Another average is the use of the simulation system for fast testing and designchecking of kinematic parts of the robot system. The algorithms of the controllercan be emulated and checked for bugs. The behaviour in the relation to the environ-ment can be tested and a 3D model can be viewed in an early stage of developmentin order to improve both the quality and performance of the final product.

    JI1423TZ.tex; 21/07/1998; 13:06; p.18

  • PLATFORM FOR HEALTH CARE MOBILE ROBOTS 349

    Figure 13. The Cloos Romat 76 robot.

    A new approach to the use in health care tasks may be the use of the STABILProject. This Project is developed by the Bayrisches Forschungszentrum fr Wis-senbassierte System (FORWISS) in Erlangen, Germany?. The goal of the projectis to develop methods and algorithms for recognising, modelling and analysingdynamic objects in particular human beings. A first demonstrator was installed inMunich in 1994. The systems consist of several cameras and are able to recog-nise movements, calculate 3D-position of persons, and the system can calculateand rough display the actual joint positions of an observed person [18]. In healthcare purposes, this system can be used during the task planning of a mobile unitor for technical aids like shifting handicapped people from their bed into theirwheelchairs.

    9. Conclusion

    The experimental platform specified in this paper provides a promising basis fortraining and experimenting in the development of an intelligent and autonomousmobile robot with high manoeuvre and manipulation features. The main goal ofthis platform should be the formulation of requirement specifications for an au-tonomous mobile robot in a clinical environment. It comprises powerful systemssuch as a Robot Cell, a Simulation, and Off-line Programming Station, a Stereoli-tography system, a Neural Networks Simulator, 2D- and 3D-Sensor Systems, andtelecommunication systems.

    ? FORWISS, Forschungsgruppe Wissensverarbeitung, Am Weichselgarten 7, 91058 Erlangen,e-mail: weierich@forwiss.uni-erlangen.de

    JI1423TZ.tex; 21/07/1998; 13:06; p.19

  • 350 O. BUCKMANN ET AL.

    The experiments undertaken and training courses organised within the follow-ing phase of the MOBINET project will show whether the current specification ofthe platform remains unchanged or if technical updates have to be implemented.

    References1. Berger, U. and Schmidt, A.: Active vision system for planning and programming of industrial

    robots in one-of-a-kind manufacturing, in: D. P. Cassent and E. L. Hall (eds), IntelligentRobots and Computer Vision, Proc. SPIE, Vol. 2588, SPIE, Bellinham, WA, USA, 1995.

    2. Berger, U.: Development of a sensor-based planing and programming system for industrialrobot manufacturing of one-of-a-kind and small batches products (Entwicklung einessensorgesttzten Planungs- und Programmiersystems fr den Industrierobotereinsatz in derUnikat-, Einzel- und Kleinserienfertigung), PhD Thesis, University of Bremen, Germany, 1995.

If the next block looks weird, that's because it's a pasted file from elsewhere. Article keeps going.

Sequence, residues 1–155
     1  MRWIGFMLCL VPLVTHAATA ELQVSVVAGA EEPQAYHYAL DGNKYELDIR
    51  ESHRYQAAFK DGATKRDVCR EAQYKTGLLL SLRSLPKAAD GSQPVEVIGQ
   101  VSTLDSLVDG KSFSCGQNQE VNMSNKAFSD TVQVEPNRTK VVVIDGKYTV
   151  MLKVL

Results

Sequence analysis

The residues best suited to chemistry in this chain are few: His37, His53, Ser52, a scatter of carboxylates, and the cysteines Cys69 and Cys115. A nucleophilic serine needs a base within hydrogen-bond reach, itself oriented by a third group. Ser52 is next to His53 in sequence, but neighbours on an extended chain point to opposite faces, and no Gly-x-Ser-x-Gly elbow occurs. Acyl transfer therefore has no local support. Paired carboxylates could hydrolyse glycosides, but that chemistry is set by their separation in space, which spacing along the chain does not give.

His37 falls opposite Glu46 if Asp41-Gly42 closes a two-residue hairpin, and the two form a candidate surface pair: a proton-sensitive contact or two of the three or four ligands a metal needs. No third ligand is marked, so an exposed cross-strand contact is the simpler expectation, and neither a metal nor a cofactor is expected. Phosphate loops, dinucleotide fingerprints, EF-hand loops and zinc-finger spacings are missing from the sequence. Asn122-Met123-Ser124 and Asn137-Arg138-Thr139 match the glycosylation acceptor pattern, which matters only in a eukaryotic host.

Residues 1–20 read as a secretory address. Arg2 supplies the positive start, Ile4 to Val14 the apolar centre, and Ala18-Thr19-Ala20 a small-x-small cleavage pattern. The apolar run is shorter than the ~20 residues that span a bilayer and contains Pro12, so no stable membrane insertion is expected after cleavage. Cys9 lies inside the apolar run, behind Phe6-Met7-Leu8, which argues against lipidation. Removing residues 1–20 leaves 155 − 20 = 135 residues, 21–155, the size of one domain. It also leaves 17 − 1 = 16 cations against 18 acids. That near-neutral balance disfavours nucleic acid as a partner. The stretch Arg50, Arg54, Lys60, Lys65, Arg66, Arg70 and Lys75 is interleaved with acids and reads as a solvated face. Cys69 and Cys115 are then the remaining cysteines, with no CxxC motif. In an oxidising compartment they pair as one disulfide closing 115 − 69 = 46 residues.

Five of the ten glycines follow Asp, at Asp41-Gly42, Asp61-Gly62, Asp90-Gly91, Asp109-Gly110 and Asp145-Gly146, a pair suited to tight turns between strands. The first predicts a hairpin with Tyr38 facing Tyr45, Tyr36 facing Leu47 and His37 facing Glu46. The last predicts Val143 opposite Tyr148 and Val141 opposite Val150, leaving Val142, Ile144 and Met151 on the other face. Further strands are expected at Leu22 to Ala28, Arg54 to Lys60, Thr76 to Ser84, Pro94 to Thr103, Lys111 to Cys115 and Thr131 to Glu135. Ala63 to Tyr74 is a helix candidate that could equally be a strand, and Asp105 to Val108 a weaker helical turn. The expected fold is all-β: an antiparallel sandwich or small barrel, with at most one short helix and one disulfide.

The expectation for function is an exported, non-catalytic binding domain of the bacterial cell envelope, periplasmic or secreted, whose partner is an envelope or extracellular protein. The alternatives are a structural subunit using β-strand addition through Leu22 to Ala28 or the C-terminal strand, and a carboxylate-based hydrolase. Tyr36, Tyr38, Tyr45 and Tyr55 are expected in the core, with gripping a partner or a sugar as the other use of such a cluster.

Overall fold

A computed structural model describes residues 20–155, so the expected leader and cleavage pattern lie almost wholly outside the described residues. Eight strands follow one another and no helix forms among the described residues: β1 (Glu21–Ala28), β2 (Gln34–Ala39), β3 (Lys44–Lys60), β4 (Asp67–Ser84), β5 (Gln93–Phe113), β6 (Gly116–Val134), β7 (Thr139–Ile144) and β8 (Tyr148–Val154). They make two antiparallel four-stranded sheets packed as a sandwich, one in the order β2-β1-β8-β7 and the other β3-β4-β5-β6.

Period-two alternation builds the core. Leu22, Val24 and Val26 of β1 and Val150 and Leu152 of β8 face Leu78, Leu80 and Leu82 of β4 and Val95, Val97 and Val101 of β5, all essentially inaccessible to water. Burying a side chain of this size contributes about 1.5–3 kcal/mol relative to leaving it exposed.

3. Berger, U.: Final report for the Craft Project: High precision save grinding system for singlestep hard finishing operation of gears, Project No.: BRE2.CT94.13411.3., 1996.

    4. Burns, M.: Automated Fabrication Improving Productivity in Manufacturing, Prentice-Hall,Eaglewood Cliffs, NJ, USA.

    5. Carl Cloos Schweitechnik: Cloos Robot Manual, Haiger, Germany, 1994.6. Deneb Robotics, Inc.: IGRIP 3.0 Manuals, Auburn Hills, Michigan, USA, 1996.7. Eren, E.: Marin-ABC; MOEBIUS Mobile Experimental Broadband Interconnection Using

    Satellites (EURACE II), BIBA, Bremen, 1995.8. European Community: Europe in numbers (Europa in Zahlen), Council of Publication for the

    EC, EGKS-EWG-EAG, Luxemburg, 1995.9. Giebhardt, A.: Rapid Prototyping Tools for the Fast Product Development (Rapid Prototyping

    Werkzeug fr der schnelle Produktentwicklung), Germany, 1996.10. Hoffmann, N.: Simulation of Neural Networks (Simulation Neuronaler Netze), Germany, 1991.11. Jacobs, P. F.: Rapid Prototyping and Manufacturing; Fundamentals of Streolithography,

    Society of Manufactures Engineers, 1992.12. NeuralWare, Inc.: Neural Computing A Technology Handbook for Professional II/Plus and

    NeuralWorks Explorer, Pittsburgh, USA, 1995.13. Rojas, R.: Theory of Neural Networks A Systematic Introduction (Theorie der neuronalen

    Netze: Eine systematische Einfhrung), Germany, 1993.14. Schmidt, T.: Investigation of neural network based inverse kinematics formulations of a 6-axis

    articulated joint robot, ESPRIT Project No. 8338 NEUROBOT, Workpackage 4.6, BIBA,Bremen, 1995.

    15. Schneburg, E.: Neural Networks, Introduction, Overview and Application Feasibility (Neu-ronale Netzwerke, Einfhrung, berblick und Anwendungsmglichkeiten), Germany, 1990.

    16. Social indicators, Statistics Finland, http://www.eva.fi/finland/8.htm.17. Tuominen, J., Autere, A., Berger, U, and Meier, I. R.: Autonomous robot-based disassembly

    of automotive components, in: Proc. of the Conf. on Integration in Manufacturing, Vienna,Austria, 1315 September, 1995.

    18. Weierich, P.: Intelligent imagetracking The key for new applications of service robotsand rationalising in public traffic. (Intelligente Bildverfolgung Der Schlssel zu neuenAnwendungen von Servicerobotern und zur Rationalisierung im PNV), in: SymposiumAktuelle Entewicklungen un industrieller Einsatz der Bildverarbeitung, 5., 6. September inAachen, Germany, 1996.